CSR message goes unheard

5 September 2007
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06 September 2007 | Antony Barton

Many buyers fail to promote their organisation's corporate social responsibility (CSR) credentials.

A survey of 77 UK organisations, with over half of the replies from purchasers, found only 35 per cent agree their organisation communicates its environmental commitment effectively.

David Read, chief executive of procurement consultancy Prestige Purchasing, which conducted the survey, said buyers were central to conveying this message by passing on information about sourcing practices to other departments. He said one obstacle is the inability of purchasing departments to communicate their ethical buying policy to the marketing functions.

Last month's findings from market researcher TNS Worldpanel Fashion supports the need for better internal communication. A survey of 6,996 shoppers found 45 per cent of Britain's consumers doubted claims made by high-street fashion stores about their ethical trading.

Elaine Giles, research executive for TNS, said retailers' focus needed to be "more on production and sourcing methods rather than the materials used". She told SM departments must work closer so everyone understands the ethical sourcing methods and how they can best be conveyed to customers.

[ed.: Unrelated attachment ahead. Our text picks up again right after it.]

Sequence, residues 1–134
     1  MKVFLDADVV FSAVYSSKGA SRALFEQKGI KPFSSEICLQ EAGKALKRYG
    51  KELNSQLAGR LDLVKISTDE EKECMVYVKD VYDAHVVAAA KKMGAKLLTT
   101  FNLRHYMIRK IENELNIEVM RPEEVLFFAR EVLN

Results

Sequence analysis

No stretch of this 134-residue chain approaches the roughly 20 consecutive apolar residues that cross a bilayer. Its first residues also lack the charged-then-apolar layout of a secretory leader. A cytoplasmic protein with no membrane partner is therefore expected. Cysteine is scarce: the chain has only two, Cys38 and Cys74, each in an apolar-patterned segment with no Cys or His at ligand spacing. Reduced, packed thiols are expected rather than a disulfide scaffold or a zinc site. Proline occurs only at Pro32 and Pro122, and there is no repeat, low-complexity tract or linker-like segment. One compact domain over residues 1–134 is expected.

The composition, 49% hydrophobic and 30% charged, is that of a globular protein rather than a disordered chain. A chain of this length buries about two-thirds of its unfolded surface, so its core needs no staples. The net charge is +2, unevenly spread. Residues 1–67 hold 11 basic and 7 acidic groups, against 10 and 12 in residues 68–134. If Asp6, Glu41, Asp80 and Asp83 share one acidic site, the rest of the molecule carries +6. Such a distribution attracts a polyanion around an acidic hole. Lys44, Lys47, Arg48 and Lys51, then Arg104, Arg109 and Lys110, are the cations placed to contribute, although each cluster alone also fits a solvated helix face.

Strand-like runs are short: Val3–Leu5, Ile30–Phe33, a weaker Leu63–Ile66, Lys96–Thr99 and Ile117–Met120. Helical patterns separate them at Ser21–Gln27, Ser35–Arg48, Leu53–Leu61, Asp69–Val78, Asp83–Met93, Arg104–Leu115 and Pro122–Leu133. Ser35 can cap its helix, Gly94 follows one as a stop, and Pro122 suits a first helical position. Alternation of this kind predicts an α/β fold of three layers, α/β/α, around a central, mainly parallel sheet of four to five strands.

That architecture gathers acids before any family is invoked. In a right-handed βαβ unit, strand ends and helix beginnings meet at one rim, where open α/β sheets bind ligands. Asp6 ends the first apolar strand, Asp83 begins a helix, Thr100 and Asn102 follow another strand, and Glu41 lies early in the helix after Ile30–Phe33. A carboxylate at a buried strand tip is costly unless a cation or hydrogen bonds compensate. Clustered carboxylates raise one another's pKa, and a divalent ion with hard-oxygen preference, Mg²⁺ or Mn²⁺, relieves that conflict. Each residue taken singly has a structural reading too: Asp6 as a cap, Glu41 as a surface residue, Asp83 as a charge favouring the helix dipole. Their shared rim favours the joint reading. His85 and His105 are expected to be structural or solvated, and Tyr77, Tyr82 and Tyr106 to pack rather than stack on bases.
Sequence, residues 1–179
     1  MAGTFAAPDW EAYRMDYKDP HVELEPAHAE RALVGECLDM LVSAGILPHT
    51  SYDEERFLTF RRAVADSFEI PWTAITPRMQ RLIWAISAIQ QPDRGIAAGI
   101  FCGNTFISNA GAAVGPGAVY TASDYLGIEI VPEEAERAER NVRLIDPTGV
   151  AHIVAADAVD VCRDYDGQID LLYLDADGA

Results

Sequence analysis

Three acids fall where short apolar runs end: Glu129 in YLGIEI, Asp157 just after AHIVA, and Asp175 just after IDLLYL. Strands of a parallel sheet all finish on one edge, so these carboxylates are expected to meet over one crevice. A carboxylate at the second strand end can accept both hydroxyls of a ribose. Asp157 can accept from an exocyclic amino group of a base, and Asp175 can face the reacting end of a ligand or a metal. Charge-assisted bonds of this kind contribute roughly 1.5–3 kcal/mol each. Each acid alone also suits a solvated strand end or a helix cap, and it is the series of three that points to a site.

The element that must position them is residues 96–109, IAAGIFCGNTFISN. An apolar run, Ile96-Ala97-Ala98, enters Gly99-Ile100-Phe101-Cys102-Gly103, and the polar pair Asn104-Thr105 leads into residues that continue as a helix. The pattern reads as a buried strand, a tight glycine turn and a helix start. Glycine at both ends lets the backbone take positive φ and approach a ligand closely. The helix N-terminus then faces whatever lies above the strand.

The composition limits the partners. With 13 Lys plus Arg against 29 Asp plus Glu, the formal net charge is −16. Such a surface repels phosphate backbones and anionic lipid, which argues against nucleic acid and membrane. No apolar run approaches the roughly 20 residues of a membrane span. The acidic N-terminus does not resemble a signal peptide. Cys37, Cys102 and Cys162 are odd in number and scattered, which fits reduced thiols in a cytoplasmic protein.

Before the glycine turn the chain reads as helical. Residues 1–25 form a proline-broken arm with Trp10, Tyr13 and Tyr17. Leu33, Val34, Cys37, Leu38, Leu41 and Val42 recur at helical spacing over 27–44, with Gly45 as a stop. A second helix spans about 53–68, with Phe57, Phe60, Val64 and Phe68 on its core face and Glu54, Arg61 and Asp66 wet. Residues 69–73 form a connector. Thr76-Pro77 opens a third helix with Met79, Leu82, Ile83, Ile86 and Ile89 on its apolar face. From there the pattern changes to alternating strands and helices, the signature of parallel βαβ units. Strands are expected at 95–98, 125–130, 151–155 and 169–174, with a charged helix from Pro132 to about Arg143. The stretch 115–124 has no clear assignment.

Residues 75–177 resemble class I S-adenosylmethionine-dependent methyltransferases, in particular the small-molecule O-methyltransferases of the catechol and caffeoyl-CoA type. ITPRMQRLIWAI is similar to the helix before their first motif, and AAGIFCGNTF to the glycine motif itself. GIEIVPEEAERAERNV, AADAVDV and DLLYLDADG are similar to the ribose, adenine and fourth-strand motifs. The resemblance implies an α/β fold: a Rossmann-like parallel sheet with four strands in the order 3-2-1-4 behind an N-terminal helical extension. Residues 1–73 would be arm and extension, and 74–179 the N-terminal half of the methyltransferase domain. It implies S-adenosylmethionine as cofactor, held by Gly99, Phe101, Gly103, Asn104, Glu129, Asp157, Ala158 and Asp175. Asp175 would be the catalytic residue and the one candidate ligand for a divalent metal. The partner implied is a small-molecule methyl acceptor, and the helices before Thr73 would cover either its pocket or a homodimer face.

Read added that some purchasing departments also failed to convey the importance of information, such as food and material sources, to salespeople for pitches.

He said: "Salespeople still tend to sell on traditional means, such as price or product, and don't communicate fully what is going on in their organization and therefore omit competitive-edge details of CSR."


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